of my saddle, and will bring her to my own kingdom, where there is no lack of courtiers or servants, or, indeed, of anything your daughter can desire.'
At first the king was very much against Cannetella's departing in this fashion ; but finally Scioravante got his way, and placing the princess before him on his horse, he set out for his own country.
Towards evening he dismounted, and entering a stable he placed Cannetella in the same stall as his horse, and said to her: ' Now listen to what I have to say. I am going to my home now, and that is a seven years' journey from here; you must wait for me in this stable, and never move from the spot, or let yourself be seen by a living soul. If you disobey my commands, it will be the worse for you.'
The princess answered meekly: ' Sir I am youv servant, and will do exactly as you bid me ; but I should like to know what I am to live on till you come back?'
' You can take what the horses leave,' was Scio-ravante's reply.
When the magician had left her Cannetella felt very miserable, and bitterly cursed the day she was born. She spent all her time weeping and bemoaning the cruel fate that had driven her from a palace into a stable, from soft, down cushions to a bed of straw, and from the dainties of her father's table to the food that the horses left.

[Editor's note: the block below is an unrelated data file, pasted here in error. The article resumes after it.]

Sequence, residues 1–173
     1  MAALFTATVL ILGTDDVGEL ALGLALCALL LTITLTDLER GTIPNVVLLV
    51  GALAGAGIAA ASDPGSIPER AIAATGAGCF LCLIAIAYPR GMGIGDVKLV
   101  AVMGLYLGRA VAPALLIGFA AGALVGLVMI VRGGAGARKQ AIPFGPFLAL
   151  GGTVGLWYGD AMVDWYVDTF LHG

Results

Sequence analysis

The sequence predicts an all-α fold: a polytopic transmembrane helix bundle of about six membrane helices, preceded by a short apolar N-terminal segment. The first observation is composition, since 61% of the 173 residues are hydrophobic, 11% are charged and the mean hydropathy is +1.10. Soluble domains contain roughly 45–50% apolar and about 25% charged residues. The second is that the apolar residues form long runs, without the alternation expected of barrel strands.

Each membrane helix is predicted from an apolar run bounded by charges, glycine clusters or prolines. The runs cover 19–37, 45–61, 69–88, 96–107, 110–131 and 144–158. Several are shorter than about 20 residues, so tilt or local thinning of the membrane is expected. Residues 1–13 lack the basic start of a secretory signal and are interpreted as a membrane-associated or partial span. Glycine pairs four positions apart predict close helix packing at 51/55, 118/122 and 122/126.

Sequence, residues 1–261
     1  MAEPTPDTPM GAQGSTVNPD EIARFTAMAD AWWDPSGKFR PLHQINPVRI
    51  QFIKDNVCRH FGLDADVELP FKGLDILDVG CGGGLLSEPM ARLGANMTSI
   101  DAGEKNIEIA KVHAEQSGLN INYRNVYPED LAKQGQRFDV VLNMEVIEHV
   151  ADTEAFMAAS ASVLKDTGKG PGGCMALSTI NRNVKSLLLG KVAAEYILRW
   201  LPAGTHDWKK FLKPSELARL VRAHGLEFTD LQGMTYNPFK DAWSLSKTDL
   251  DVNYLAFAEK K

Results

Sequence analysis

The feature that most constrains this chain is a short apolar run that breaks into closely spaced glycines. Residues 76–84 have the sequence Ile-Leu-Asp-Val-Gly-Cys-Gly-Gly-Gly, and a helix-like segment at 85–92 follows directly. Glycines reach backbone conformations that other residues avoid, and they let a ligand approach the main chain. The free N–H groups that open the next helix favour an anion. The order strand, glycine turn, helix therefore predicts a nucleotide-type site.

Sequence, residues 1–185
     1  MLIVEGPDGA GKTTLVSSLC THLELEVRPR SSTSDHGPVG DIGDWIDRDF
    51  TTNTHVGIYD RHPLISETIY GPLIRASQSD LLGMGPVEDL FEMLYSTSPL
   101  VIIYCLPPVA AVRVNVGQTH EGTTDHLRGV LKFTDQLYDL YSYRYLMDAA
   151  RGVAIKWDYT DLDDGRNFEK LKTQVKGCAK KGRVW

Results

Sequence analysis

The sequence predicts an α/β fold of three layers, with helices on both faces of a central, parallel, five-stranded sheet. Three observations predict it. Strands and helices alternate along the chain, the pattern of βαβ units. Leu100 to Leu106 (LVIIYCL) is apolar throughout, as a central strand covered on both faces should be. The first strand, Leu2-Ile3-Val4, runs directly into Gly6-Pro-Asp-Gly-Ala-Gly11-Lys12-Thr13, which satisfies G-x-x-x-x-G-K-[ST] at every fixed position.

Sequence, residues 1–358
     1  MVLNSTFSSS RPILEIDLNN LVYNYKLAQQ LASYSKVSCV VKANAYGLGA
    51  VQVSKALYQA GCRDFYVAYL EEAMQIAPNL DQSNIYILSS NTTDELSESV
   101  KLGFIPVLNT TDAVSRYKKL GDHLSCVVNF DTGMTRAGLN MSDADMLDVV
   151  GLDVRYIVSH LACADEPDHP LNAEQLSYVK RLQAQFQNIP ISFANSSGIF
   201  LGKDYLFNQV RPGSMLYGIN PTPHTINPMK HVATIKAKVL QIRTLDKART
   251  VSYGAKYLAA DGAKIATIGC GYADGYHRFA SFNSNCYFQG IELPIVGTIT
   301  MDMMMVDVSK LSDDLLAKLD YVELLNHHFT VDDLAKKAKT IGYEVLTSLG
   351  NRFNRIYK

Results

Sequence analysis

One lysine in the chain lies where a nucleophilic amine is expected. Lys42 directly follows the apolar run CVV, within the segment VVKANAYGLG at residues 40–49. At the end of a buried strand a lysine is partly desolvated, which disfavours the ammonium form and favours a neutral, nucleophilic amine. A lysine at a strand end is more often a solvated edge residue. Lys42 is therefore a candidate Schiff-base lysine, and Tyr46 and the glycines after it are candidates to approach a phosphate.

She led this wretched life for a few months, and during that time she never saw who fed and watered the horses, for it was all done by invisible hands.
One day, when she was more than usually unhappy, she perceived a little crack in the wall, through which she could see a beautiful garden, with all manner of delicious fruits and flowers growing in it. The sight and smell of such delicacies were too much for poor Cannetella, and she said to herself, ' I wrill slip quietly out, and pick a few oranges and grapes, and I don't care what